The politics of Nepal has been in a flux for a year now. In the past eight months, the country's Parliament has been dissolved twice.
Following a rift in the ruling Nepal Communist Party (NCP) in December last year, Prime Minister (PM) K P Sharma Oli recommended dissolution of Parliament to President Bidya Devi Bhandari.
In February 2021, Nepali Supreme Court reversed the decision of the President and the house was reconstituted in May. When the vote of confidence took place, Oli was routed. He again recommended the dissolution of Parliament, and conducting fresh elections. He said that no party had the numbers to form a government, and remained caretaker Prime Minister.
On 22 May, President Bhandari dissolved the 275-member lower house and announced snap elections on 12 and 19 November.
Reportedly, as many as 30 petitions were filed against the dissolution, one of them by the opposition parties’ alliance with the signature of 146 lawmakers, demanding reinstatement of the lower house and appointment of Nepali Congress chief Sher Bahadur Deuba as the prime minister.
However, yesterday (12 July), a five-member constitution bench of the Supreme Court, led by Chief Justice Cholendra Shumsher Rana, not only reinstated the house of representatives — the second time in five months — but also directed the President to appoint the head of the opposition party as prime minister by Tuesday.
As per the order, the current leader of opposition Sher Bahadur Deuba is set to become the prime minister of Nepal.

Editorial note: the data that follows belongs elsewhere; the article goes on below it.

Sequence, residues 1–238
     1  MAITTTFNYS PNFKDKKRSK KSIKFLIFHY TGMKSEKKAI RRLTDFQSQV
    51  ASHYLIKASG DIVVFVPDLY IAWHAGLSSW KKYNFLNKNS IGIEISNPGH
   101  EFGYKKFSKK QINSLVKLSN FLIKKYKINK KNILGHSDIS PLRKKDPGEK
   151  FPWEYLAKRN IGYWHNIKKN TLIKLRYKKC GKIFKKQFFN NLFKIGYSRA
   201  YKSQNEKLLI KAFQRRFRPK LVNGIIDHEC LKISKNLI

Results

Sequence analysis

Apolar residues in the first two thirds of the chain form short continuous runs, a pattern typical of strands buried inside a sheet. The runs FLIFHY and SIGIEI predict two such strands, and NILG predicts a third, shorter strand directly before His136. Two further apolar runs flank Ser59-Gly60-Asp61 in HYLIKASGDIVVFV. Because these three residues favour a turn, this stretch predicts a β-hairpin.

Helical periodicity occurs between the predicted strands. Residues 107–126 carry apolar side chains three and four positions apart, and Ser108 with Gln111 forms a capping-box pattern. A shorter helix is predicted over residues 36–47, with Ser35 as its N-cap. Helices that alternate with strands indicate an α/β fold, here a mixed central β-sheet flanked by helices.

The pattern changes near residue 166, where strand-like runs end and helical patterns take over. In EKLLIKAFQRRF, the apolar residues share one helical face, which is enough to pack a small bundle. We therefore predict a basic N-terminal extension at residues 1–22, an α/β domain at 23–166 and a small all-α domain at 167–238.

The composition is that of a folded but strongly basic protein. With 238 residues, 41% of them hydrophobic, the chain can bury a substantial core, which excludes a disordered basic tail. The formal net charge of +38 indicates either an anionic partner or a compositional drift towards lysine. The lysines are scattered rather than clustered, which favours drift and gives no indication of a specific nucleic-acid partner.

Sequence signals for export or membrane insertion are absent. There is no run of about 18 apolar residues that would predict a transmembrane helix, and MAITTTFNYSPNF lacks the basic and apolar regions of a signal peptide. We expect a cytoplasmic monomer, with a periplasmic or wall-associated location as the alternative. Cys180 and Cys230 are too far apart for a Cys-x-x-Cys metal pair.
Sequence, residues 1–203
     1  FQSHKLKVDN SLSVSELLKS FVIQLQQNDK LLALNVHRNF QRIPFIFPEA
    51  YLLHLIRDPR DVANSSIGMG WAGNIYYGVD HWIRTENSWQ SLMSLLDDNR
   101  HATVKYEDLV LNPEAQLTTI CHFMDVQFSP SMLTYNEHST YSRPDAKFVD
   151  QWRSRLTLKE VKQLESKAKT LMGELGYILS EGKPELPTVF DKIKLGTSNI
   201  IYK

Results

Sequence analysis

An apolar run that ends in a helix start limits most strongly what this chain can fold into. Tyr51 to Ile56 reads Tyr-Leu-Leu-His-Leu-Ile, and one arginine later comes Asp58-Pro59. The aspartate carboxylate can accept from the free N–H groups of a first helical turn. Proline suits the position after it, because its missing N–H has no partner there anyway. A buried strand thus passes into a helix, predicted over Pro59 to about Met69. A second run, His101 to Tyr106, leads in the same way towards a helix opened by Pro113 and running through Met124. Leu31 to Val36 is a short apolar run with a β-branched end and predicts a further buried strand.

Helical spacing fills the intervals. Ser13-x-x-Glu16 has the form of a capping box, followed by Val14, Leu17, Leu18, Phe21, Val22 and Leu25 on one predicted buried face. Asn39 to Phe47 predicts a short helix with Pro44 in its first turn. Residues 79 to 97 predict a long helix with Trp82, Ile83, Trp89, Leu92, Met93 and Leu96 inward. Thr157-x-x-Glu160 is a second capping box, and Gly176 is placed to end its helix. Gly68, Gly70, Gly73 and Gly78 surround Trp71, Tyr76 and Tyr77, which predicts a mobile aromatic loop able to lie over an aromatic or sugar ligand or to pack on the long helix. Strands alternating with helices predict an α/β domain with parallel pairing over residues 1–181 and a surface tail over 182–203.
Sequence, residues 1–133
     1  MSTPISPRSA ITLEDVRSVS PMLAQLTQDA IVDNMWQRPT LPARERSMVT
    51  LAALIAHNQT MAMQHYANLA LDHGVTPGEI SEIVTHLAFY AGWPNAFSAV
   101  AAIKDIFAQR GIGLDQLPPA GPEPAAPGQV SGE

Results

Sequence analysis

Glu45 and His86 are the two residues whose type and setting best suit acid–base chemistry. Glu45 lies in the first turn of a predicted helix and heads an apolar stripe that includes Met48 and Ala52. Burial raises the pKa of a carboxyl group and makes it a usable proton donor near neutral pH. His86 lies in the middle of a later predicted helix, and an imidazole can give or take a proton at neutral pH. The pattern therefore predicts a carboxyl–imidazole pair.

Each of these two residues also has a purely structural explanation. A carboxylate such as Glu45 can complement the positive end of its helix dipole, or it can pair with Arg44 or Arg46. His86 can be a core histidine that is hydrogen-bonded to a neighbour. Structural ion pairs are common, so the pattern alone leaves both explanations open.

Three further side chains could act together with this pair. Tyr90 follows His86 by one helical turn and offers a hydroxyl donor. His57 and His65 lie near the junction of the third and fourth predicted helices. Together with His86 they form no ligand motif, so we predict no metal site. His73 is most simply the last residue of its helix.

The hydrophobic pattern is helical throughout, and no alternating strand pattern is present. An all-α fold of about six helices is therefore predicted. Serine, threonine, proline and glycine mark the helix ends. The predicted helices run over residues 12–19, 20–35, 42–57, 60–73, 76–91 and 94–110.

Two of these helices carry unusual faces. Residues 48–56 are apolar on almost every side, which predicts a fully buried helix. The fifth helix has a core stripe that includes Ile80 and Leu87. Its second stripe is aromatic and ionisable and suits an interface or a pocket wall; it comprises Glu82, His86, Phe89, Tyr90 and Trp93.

The court held as unconstitutional President Bhandari’s decision to dissolve the lower house upon a recommendation of Prime Minister K P Sharma Oli. It also ordered summoning a new session of the House of Representatives on 18 July. The bench also said that party whip does not apply when lawmakers take part in the vote of confidence for the prime minister.
The judgement is a blow to the 69-year-old veteran communist leader, who was preparing for snap elections.
In December 2020, after a meeting between Pushpa Kamal Dahal, also known as Prachanda, and Madhav Kumar Nepal, Oli was ousted as the parliamentary leader of Nepal Communist Party. The Dahal-Nepal faction reached out to the country's Election Commission claiming that they hold a majority in the party and therefore should be given official recognition. In January, a standing committee meeting of the faction decided to expel Oli from the party.
Nepal welcomed the SC verdict, saying, “the Supreme Court has done a commendable job. This has saved the political system that is in place. Since the court has directly asked to appoint Deuba as new Prime Minister, we have no role to play now.”
“Parliament has been reinstated. We will now go to Parliament... the court’s verdict has also raised moral questions on Oli’s actions,” he added. Under Nepal's leadership, 23 lawmakers of the UML had put their signature in favour of Deuba’s claim to the prime ministership.
Who Is Sher Bahadur Deuba?
Seventy-four-year-old Deuba heads the Nepali Congress party. Born to a family in a remote village of Asigram in Dadeldhura of far-western Nepal, he holds a Bachelor’s in Law and a Master’s in Political Science.
Deuba started his political career as a leader of the student union. He also suffered jail time for his political beliefs for 10 years at different times from 1966 to 2005.
He has served four times in the past as the prime minister of Nepal — first from 1995 to 1997, then from 2001 to 2002, again from 2004 to 2005, and from 2017 to 2018. Currently, he is the Leader of the Opposition in the house.
Reportedly, India has always been on good terms with Deuba. His appointment, therefore, can be used to counter China which tried its best to keep its ideological counterpart — the NCP — united, and in power. On the other hand, Deuba can get tangible Indian support for the party and development of Nepal.
Meanwhile, Prime Minister Oli’s supporters, including youths and students affiliated to the ruling CPN-UML, took to streets to protest against the court’s verdict.
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